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Journalism in Atlantic Canada is f****d, or is it?

By: | March 6, 2017

Cynics attempt optimism at CANADALAND panel in Halifax, with mixed results.

L-R: Jesse Brown, Tim Bousquet and Terra Tailleur talk journalism at the Marquee Ballroom in Halifax March 3. Photo by Ross A. Mair.

The largest independent newspaper in Atlantic Canada has been on strike for over a year, with no end in sight.

Of the remaining print properties, the overwhelming majority are dominated by one of two companies, which effectively operate monopolies in their respective provinces: TC Media in Nova Scotia, Newfoundland and Labrador, and Prince Edward Island, and Brunswick News in New Brunswick.

Conservative Party of Canada leadership candidates have proposed either gutting the CBC, or scrapping it altogether, which would further cripple the country’s already hurting media landscape.

It’s in this climate that Jesse Brown of Toronto-based indie news and media critique outfit CANADALAND rolled into Halifax on a chilly March night to ask the million dollar question: Is Atlantic Journalism F****D?

Before a raucous crowd of around 200 at the Marquee Ballroom, Brown hosted Tim Bousquet, founder and editor of the online upstart Halifax Examiner, and King’s College journalism instructor Terra Tailleur, who spent 20 years in CBC newsrooms before moving into academia.

The panelists focused on the dearth of local journalism in the wake of the Chronicle-Herald’s strike winding into its second year, and how a lot of the remaining outlets are not making the situation any better for the public.

“It is a bad time [in Atlantic Canada], absolutely. What’s happening at the Herald is really a blight on journalism,” Tailleur said, adding “you don’t know what you’re missing” when it comes to the news.

To compound the lack of reporting coming from the Chronicle Herald in Nova Scoita, or the dozens of reporters Tailleur said have left the CBC’s Atlantic newsrooms in recent years, Bousquet added it doesn’t help that much of the news in Atlantic Canada is being hidden behind a paywall.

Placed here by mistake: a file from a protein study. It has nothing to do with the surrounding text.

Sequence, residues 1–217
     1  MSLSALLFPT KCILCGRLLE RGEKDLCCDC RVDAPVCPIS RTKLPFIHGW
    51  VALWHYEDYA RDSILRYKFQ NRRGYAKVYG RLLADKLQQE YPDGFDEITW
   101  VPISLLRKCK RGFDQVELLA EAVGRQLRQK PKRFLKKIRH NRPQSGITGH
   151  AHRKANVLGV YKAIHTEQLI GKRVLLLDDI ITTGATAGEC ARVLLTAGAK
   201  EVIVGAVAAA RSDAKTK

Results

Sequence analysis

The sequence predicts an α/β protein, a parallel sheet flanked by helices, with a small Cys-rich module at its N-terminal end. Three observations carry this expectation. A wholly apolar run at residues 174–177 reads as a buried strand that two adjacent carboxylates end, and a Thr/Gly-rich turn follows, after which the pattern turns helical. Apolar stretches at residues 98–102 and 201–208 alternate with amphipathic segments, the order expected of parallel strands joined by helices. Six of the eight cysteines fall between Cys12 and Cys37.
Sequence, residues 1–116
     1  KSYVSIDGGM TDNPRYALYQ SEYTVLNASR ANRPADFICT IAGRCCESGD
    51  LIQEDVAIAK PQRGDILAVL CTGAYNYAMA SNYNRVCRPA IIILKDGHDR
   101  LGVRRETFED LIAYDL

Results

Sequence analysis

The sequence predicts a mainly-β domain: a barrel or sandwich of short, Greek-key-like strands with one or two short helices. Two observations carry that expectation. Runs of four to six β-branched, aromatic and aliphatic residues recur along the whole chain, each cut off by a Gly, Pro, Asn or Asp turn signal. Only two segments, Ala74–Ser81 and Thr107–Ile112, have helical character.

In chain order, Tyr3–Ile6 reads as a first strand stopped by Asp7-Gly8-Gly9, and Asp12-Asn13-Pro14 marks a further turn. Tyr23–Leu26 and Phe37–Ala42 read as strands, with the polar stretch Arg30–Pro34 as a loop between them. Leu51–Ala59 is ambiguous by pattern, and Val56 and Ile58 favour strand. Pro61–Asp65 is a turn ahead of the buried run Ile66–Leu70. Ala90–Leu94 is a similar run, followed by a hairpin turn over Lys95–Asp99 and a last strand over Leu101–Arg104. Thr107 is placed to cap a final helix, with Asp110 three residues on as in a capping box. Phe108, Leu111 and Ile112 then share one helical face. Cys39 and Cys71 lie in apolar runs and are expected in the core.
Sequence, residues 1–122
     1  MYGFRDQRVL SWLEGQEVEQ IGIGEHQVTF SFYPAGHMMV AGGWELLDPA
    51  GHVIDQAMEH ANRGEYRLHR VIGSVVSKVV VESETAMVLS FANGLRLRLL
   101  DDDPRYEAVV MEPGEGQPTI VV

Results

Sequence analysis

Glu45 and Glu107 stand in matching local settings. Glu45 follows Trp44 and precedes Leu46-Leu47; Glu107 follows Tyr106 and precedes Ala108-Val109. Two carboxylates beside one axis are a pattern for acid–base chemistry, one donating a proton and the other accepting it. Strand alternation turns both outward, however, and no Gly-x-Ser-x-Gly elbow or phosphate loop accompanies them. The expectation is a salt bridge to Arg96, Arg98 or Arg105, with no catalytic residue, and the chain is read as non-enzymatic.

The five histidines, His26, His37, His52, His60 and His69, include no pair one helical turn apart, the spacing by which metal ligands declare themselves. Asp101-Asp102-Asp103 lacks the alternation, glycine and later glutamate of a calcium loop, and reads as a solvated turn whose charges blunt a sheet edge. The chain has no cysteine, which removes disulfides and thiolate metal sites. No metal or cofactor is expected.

He referenced the time in June 2014 when Moncton residents couldn’t access information about at-large shooter Justin Bourque—the source of a manhunt after killing two Mounties—on the Times & Transcript (the daily newspaper that serves Moncton and area) website because management decided to keep their pay-wall up.

No matter what happens, people are losing their jobs… —Tim Bousquet

Paywalls do not endear newspapers to the public, or even to those publications’ subscribers; in fact, Bousquet argues, paywalls and other attempts to force people to pay for online news content are leading to the newspapers’ demise.

“This is not a nice story — no matter what happens, people are losing their jobs,” he said, adding in “another four or five years” there will be “no more of these newspapers in most towns or cities.”

Bousquet cited a top-heavy management style that is simply no longer feasible or even sustainable for most newspapers.

Perhaps sensing a premature answer to the event’s central question, Brown asked Tailleur how the public broadcaster fits into all this.

She insisted the CBC’s work remains “vital” to Atlantic Canadians, but falsely claimed that “[w]hat you know about [the recent taxi assault case] came from CBC reporting.”

Metro Halifax in fact scooped other outlets on the judge’s verdict in this controversial case, with local independent publications also contributing to the coverage, which Twitter was quick to point out.

Brown then asked Tailleur about her role as journalism instructor and how teaching might contribute to the future of journalism for the region.

“We’re teaching research, critical thinking, writing,” she responded. “I teach resourceful, that’s what I do.”

Tailleur said she encourages her students to look outside traditional reporting when it comes to the job hunt.

“I think you’re training a wonderful generation of PR professionals,” Brown playfully responded.

The conversation then cycled back to the available media properties that do exist in Atlantic Canada, with all three panelists agreeing that if there is one cause for hope, it’s the growing number of smaller, independent media outlets that are emerging while traditional oulets appear to be flailing.

Aside from Bousquet’s Examiner, about a dozen entities, including The Independent, got a shout out for their ability to produce good copy on a small budget, while refusing to be beholden to advertisers, corporate publishers, or public opinion the way more traditional models are.